Since he took the South Carolina job almost eight years ago, Steve Spurrier has worked to take the emphasis off the Clemson game 51 weeks out of the year.
This week is the exception.
“It’s a huge game,” the No. 13 Gamecocks coach said Sunday, “maybe one of the biggest games since I’ve been here of our rivalry series.”
Clemson (10-1) is ranked No. 12, making this the second-best matchup in the series’ 109-game history based on cumulative ranking. In 1987, the Gamecocks were ranked No. 12, and the Tigers were ranked No. 8 prior to a 20-7 South Carolina win.
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The biggest subplot of the week will be USC’s injuries as quarterback Connor Shaw and defensive end Jadeveon Clowney will be held out of practice at least through the first half of the week and may be unavailable against the Tigers.
Shaw aggravated an existing foot injury, which the team has called a sprain, in the first series of Saturday’s 24-7 win over Wofford.
“He toughed it out and finished and played pretty well overall, but his foot is a little bit of a problem,” Spurrier said. “He probably won’t practice too much this week. We’ll see where it is around Wednesday or Thursday.”
Clowney, who is third in the SEC in sacks and tackles for loss, did not play against the Terriers. He has a right foot injury that has kept him out of practice for the past month and will require surgery following the season. He also has developed a minor case of tendinitis in his left knee, he said following the game.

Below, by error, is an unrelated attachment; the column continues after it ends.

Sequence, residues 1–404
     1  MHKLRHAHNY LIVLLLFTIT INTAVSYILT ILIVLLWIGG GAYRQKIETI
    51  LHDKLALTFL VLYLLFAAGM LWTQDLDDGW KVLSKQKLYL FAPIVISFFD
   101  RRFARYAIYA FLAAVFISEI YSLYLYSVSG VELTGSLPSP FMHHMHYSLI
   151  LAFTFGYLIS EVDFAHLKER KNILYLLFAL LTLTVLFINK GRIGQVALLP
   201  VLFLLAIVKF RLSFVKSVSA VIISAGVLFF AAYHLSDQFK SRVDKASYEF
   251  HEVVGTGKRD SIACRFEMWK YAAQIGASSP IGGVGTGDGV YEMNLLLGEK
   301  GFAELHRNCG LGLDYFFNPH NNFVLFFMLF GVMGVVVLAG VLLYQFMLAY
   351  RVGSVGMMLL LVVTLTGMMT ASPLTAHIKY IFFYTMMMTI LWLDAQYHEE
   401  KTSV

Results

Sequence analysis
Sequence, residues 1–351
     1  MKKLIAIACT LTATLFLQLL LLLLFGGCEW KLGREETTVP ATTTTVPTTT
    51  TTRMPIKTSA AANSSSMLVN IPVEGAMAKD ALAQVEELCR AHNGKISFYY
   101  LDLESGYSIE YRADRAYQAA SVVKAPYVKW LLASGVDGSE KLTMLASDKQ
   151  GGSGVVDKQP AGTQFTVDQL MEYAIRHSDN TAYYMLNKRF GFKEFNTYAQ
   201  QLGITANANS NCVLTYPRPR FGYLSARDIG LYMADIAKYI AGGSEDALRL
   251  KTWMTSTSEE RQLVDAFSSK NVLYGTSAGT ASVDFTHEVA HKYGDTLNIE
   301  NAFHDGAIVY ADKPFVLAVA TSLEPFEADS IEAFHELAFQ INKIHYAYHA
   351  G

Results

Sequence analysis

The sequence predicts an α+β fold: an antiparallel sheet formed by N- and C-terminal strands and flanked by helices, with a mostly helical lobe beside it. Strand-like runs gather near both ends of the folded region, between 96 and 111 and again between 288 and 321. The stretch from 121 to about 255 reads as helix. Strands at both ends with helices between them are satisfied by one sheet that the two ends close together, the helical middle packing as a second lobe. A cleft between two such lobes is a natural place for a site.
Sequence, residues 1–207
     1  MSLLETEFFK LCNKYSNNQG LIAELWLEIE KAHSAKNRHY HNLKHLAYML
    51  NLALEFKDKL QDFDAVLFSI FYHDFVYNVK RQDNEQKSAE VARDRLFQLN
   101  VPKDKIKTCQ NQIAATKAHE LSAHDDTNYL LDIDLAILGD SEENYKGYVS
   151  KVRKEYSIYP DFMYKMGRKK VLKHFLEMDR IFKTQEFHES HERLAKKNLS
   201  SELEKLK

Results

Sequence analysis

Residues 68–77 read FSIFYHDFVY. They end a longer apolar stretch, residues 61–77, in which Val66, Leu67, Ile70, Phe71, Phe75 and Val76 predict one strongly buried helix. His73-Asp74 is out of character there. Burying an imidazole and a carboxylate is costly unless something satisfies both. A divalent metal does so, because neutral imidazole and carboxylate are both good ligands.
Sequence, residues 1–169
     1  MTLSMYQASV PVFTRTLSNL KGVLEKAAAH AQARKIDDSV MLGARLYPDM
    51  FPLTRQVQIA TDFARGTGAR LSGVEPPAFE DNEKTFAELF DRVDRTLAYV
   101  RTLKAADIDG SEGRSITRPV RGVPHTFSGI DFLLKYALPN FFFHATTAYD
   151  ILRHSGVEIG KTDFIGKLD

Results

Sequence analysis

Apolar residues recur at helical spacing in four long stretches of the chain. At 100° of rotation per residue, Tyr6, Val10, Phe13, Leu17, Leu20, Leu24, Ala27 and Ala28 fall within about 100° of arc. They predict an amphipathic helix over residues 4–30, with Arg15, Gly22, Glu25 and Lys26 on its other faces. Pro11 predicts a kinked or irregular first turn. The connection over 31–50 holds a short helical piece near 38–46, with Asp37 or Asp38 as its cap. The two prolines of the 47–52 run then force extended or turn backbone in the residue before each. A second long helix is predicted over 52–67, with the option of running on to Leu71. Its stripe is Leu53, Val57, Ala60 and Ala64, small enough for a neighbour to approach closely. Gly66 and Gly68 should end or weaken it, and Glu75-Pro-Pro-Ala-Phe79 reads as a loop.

“Just wait and see where it is Tuesday, Wednesday or Thursday, see what kind of speed he is up to and see if he’s going to be able to play in this game,” Spurrier said of Clowney’s status.
Questions about their most important offensive and defensive player come at a bad time for the Gamecocks, who are looking for a fourth straight win against the Tigers, something that has happened once (1951-1954).
“I would think they would try to do everything to be ready to play in this one,” Spurrier said. “We will certainly know a lot more about Wednesday. We’ll be ready to play (either way). We’ve got backup players.”
Clemson has a 65-40-4 lead in the history of the series, and Spurrier attributed his team’s recent reversal of that trend to de-emphasizing the rivalry during his tenure.
“I think we take it less seriously than we used to,” he said. “I think they overdid it prior to (me) coming here. When I was hired, there were signs all over the locker room, the dressing room, the coaches’ offices that said, ‘Beat Clemson.’ They were all over the place.”
During his initial tour of the team’s summer booster club meetings, Spurrier was perplexed to hear so many of the team’s fans say they’d trade a win over Clemson for a loss in every other game of the year.
“I said, ‘My thoughts are the opposite. I’d rather win them all and lose to Clemson if that was the choice,’ ” he said. “My belief is you don’t talk about one team the entire year. We take it seriously, but we don’t talk about beating Clemson all year long anymore.”
Just this week.